I had parted with Gen. Mansfield but a moment before this and in five minutes afterward his staff officer reported to me that he was mortally wounded and the command of the corps devolved on me. I began at once to deploy the new regiments. The old ones had already gotten themselves into line. Taking hold of one, I directed Gens. Crawford and Gordon to direct the others. I got mine in line pretty well by having a fence to align it on and having got it in this way I ordered the colonel to go forward and open fire the moment he saw the Rebels. Poor fellow! He was killed within ten minutes. His regiment, advancing in line, was split in two by coming in contact with a barn. One part did very well in the woods but the trouble with this regiment and the others was that in attempting to move them forward or back or to make any maneuver they fell into inextricable confusion and fell to the rear, where they were easily rallied. The men were of an excellent stamp, ready and willing, but neither officers nor men knew anything, and there was an absence of the mutual confidence which drill begets. Standing still, they fought bravely.

     When we engaged the enemy he was in a strip of woods, long but narrow. We drove him from this, across a ploughed field and through a cornfield into another woods, which was full of ravines. There the enemy held us in check till 9 1/2 o'clock, when there was a general cessation of musketry. All over the ground we had advanced on, the Rebel dead and wounded lay thick, much more numerous than ours, but ours were painfully mingled in. Our wounded were rapidly carried off and some of the Rebels'. Those we were obliged to leave begged so piteously to be carried away. Hundreds appealed to me and I confess that the rage of battle had not hardened my heart so that I did not feel a pity for them. Our men gave them water and as far as I saw always treated them kindly.

     The necessities of the case were so great that I was obliged to put my whole corps into action at once. The roar of the infantry was beyond anything conceivable to the uninitiated. Imagine from 8,000 to 10,000 men on one side, with probably a larger number on the other, all at once discharging their muskets. If all the stone and brick houses of Broadway should tumble at once the roar and rattle could hardly be greater, and amidst this, hundreds of pieces of artillery, right and left, were thundering as a sort of bass to the infernal music.

     At 9 1/2 o'clock Gen. Sumner was announced as near at hand with his corps. As soon as his columns began to arrive I withdrew mine by degrees to the shelter of the woods for the purpose of rest, to collect stragglers, and to renew the ammunition. Several of the old regiments had fired nearly forty rounds each man. They had stood up splendidly and had forced back the enemy nearly a mile. The new regiments were badly broken up, but I collected about one-half of them and placed them in support of batteries. The regiments had up to this time suffered comparatively little. The 3rd Wisconsin and [the] 27th Indiana had lost a good many men, but few officers. I began to hope that we should get off, when Sumner attacked, with but little loss. I rode along where our advanced lines had been. Not an enemy appeared. The woods in front were as quiet as any sylvan shade could be. Presently a single report came and a ball whizzed close to my horse. Two or three others followed all in disagreeable closeness to my person. I did not like to hurry, but I lost as little time as possible in getting out of the range of sharpshooters.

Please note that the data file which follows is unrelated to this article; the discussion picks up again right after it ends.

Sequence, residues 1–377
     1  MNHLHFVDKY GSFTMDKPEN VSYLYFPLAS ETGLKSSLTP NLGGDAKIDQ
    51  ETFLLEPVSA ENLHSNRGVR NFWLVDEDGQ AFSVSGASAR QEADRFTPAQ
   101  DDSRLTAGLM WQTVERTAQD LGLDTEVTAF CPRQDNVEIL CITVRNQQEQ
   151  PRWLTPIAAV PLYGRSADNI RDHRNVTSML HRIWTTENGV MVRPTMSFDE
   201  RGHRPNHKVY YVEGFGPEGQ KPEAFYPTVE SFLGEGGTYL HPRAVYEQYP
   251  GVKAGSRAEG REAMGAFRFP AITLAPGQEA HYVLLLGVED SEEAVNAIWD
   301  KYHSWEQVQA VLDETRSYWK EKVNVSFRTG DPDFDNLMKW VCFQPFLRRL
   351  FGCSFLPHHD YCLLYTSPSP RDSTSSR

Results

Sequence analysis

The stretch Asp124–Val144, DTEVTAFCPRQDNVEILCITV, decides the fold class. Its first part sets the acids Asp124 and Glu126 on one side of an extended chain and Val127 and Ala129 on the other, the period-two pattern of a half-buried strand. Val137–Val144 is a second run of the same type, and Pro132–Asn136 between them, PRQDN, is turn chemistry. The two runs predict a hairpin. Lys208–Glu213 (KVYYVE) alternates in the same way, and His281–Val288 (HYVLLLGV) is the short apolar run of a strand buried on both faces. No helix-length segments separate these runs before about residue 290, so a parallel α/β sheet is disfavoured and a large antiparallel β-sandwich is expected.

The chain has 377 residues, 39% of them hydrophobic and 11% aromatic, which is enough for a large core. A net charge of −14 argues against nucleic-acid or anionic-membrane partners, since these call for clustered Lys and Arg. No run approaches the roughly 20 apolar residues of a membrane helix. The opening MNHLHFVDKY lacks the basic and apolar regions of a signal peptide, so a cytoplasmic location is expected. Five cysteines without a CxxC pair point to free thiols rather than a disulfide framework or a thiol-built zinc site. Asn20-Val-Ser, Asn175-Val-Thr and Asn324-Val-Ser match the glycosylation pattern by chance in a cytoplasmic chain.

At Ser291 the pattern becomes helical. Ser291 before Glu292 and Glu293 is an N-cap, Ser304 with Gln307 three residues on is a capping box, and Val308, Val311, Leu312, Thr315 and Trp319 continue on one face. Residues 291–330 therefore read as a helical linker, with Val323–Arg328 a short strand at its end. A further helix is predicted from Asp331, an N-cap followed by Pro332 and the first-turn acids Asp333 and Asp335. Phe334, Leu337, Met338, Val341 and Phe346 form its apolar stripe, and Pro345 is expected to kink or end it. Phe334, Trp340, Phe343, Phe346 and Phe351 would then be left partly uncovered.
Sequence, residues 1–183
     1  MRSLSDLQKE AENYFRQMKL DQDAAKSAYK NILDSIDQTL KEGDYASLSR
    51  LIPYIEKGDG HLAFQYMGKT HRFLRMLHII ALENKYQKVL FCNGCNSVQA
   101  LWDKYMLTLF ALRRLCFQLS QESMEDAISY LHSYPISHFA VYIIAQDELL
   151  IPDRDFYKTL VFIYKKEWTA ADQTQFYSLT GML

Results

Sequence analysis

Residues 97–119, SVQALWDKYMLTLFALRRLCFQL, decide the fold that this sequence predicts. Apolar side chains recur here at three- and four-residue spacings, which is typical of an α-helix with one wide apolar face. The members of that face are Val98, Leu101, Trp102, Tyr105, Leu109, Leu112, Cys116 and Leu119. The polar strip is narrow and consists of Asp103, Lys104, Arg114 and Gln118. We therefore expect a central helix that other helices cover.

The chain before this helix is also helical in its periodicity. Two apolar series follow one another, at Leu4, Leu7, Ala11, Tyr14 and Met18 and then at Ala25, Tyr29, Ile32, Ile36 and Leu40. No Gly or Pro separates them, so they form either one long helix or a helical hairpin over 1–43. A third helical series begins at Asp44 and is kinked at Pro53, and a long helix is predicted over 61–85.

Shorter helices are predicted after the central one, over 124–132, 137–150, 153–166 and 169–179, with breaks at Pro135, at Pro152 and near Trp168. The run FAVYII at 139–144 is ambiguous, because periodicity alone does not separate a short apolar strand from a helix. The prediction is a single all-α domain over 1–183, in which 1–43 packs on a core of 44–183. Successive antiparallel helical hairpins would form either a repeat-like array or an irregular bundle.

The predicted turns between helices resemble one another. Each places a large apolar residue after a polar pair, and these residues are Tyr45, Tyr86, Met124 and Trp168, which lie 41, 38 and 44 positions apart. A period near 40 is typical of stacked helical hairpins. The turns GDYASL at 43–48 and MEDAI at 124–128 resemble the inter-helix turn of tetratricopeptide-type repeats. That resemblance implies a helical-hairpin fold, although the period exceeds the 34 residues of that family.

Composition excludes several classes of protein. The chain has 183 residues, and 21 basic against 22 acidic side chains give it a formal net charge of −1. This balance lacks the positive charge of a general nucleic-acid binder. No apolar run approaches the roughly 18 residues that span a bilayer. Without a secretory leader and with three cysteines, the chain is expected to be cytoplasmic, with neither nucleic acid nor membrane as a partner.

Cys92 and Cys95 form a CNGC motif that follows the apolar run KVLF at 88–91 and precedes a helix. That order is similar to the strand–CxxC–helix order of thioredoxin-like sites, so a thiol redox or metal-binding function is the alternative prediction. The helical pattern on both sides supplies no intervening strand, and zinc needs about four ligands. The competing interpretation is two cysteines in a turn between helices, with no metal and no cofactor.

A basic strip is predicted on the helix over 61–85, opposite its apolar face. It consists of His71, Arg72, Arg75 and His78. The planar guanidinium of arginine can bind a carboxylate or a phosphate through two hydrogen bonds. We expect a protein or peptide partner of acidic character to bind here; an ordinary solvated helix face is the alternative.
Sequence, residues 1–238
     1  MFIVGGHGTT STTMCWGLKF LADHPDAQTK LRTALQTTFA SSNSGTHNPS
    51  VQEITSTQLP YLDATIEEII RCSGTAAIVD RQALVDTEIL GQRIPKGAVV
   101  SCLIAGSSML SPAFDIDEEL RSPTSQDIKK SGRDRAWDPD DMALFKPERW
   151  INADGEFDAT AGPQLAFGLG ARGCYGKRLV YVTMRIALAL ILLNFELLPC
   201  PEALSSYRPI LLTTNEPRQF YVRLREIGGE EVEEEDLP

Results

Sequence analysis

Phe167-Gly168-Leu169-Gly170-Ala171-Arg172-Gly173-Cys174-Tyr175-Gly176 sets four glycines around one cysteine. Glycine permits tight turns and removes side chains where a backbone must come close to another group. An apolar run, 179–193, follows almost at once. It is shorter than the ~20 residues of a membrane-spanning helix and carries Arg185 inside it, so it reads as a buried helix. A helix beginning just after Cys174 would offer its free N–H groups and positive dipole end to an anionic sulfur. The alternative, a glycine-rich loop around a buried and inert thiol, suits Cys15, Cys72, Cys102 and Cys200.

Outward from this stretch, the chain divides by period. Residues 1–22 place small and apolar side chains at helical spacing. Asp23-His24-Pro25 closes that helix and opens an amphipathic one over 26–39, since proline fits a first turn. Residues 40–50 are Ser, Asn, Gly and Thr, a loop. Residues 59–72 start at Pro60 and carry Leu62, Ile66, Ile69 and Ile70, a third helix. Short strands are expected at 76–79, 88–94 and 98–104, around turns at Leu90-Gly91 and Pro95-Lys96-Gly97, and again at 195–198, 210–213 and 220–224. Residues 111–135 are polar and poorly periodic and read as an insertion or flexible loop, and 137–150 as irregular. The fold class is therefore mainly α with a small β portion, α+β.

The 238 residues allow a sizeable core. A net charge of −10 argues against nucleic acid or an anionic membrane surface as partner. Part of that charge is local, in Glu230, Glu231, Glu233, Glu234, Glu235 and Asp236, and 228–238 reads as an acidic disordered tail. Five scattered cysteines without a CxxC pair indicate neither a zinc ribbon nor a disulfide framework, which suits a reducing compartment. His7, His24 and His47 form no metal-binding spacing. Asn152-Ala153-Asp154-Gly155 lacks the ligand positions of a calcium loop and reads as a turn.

I should have mentioned that soon after I met Gen. Hooker he rode toward the left. In a few minutes I heard he was wounded. While we were talking the dust of the ploughed ground was knocked up in little spurts all around us, marking the spot where musket balls struck. I had to ride repeatedly over this field and every time it seemed that my horse could not possibly escape. It was in the center of the line of fire, slightly elevated, but along which my troops were extended. The peculiar singing sound of the bullet becomes a regular whistle and it seems strange that everybody is not hit.

     While the battle was raging fiercest with that division the 2nd Division came up and I was requested to support our right with one brigade. I started one over to report to Gen. Doubleday and soon followed to see what became of them. As I entered the narrow lane running to the right and front a battery opened a cross-fire and Pittman and myself had the excitement of riding a mile or so out and back under its severest salutations. We found Gen. Doubleday sheltered in a ravine and apparently in bland ignorance of what was doing on his front or what need he had of my troops, except to relieve his own, but I left the brigade and came back. Finding a battery, I put it in position to meet the flank fire of the Rebel battery and some one else had the good sense to establish another farther in the rear. The two soon silenced this disagreeable customer.

     It was soon after my return to the center that Sumner's columns began to arrive. They were received with cheers and went fiercely toward the wood with too much haste, I thought, and too little reconnoitering of the ground and positions held by us. They had not reached the road before a furious fire was opened on them and we had the infernal din over again. The Rebels had been strongly reinforced, and Sumner's troops, being formed in three lines in close proximity, after his favorite idea, we lost a good deal of our fire without any corresponding benefit or advantage. For instance, the second line, within forty paces of the front, suffered almost as much as the front line and yet could not fire without hitting our own men. The colonel of a regiment in the second line told me he lost sixty men and came off without firing a gun.